The Exorcist III

Do you dare walk these steps again?

Horror Mystery
110 min     6.227     1990     USA


On the fifteenth anniversary of the exorcism that claimed Father Damien Karras' life, Police Lieutenant Kinderman's world is once again shattered when a boy is found decapitated and savagely crucified.


talisencrw wrote:
Very good sequel retains the high standard Blatty's original screenplay set! In going through the original 'Exorcist' trilogy (I have the DVD 6-pack, with the two versions of the remarkable original, as well as the two recent prequels, so far unwatched), I was intrigued of seeing Oscar-winning writer William Peter Blatty's second stint behind the camera (for the record, I adored his 'The Ninth Configuration', done a decade prior), especially for the franchise that became his bread-and-butter (though I loved two films he earlier had co-wrote: 'A Shot in the Dark' and 'The Omega Man'). He once again does quite a credible job--both with the writing and in helming the picture. To me, it didn't matter much that Linda Blair wasn't involved--I like how it became a search for an already-dead serial killer--and I have been a great fan of George C. Scott in genre films since the likes of 'Dr. Strangelove' and 'The Changeling'. The scares and shocks were genuine, and the suspense and interest were there. It made me wish that even more sequels had been made, it was THAT good.
tmdb28039023 wrote:
What's good in this film we can attribute to William Peter Blatty's script and direction and to the casting, especially Brad Dourif and George C. Scott; what's bad, to Executive Meddling – in particular the last minute exorcism performed by a last minute priest; it says a lot that Burton's Father Lamont from Exorcist II: The Heretic is more memorable than Nicol Williamson's Father Morning. Unlike The Heretic, III looks and feels – except for a bizarre dream sequence featuring cameos by Fabio and Patrick Ewing as angels – like it belongs in the same world as The Exorcist; that is to say, it knows the words and the music. There are haunting visuals that stay with you long after the film is over (the crucifix opening its eyes, the old woman crawling on the ceiling, Scott's daughter's near decapitation). At the same time, the film has a sense of humor that I would call shakespearean; Father Joseph Dyer (Ed Flanders), whose dialogue includes a reference to Mel Brooks's Spaceballs, is akin to the gravedigger in Hamlet or the porter in Macbeth. What bothers me about III is the same that troubles me about The Heretic – though to a much lesser degree –, and it's the 'how.' Specifically, how Patient X, alias Father Damien Karras (Jason Miller), ends up in a cell in a hospital's psychiatric ward for the past 15 years. It's a good thing that Blatty decided to have X played by both Miller and Dourif – more so the latter than the former –, because Dourif, as James 'The Gemini Killer' Venamun, has a long, expository, loose-end-tying monologue which proves that sometimes you can indeed polish a turd; it doesn't, even after allowing for supernatural intervention, make a lick of sense (the corpse of a beloved local priest bursts out of his "cheap little coffin" and goes missing, and no one is the wiser? Yeah, right), but it's all in the delivery. Dourif turns in a blood-curdling, bone-chilling campfire tale (at one point he even briefly reflects "is this true?", as if he finds it hard to swallow himself). Now, I'm not saying Miller couldn't have done this, but in retrospect I don't see how he or anyone else could have; I only know Dourif did it because I watched him do it in a movie-stealing performance that doubled the considerable respect I already had for him and his craft.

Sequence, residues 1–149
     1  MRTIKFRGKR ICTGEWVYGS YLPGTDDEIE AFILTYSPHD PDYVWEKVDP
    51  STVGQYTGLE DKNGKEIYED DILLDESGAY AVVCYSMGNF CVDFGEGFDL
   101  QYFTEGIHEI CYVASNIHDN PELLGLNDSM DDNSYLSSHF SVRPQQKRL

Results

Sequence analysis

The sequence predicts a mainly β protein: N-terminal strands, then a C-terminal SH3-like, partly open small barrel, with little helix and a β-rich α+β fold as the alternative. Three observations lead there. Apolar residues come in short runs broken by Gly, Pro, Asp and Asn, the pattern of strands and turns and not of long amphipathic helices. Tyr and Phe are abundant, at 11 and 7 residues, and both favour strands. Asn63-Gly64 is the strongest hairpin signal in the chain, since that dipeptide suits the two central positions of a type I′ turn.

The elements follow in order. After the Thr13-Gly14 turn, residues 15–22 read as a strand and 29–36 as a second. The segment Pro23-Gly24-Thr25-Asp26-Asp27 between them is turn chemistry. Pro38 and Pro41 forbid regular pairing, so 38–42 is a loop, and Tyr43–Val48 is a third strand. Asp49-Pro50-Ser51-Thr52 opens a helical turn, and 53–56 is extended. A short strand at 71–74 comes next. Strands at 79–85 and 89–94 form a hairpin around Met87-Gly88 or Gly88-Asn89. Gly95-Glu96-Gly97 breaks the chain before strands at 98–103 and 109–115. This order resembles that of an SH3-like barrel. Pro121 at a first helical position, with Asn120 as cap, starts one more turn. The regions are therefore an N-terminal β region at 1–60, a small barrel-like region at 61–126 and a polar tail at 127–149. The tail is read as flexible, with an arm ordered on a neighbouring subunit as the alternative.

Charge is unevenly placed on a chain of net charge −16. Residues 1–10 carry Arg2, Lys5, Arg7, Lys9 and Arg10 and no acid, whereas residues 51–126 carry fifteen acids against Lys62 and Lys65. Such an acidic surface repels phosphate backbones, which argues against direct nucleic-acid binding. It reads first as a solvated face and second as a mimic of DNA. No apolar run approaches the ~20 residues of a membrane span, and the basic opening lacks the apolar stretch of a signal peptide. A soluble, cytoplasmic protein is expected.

GenerationofSwine wrote:
This was the best sequel to The Exorcist they made, and that isn't really saying much. The second one was horrible and the ones that followed were horrible. In fact, I think they were so bad it was instantly remade. But, this one was decent, it felt the most like an actual sequel to the Exorcist, it was unsettling, it was intelligent, it was pretty memorable in its own way. But it still was a bit too much, not underplayed enough to really feel like the one that started it all. And, honestly, compared to what we have in the theaters today it is a great film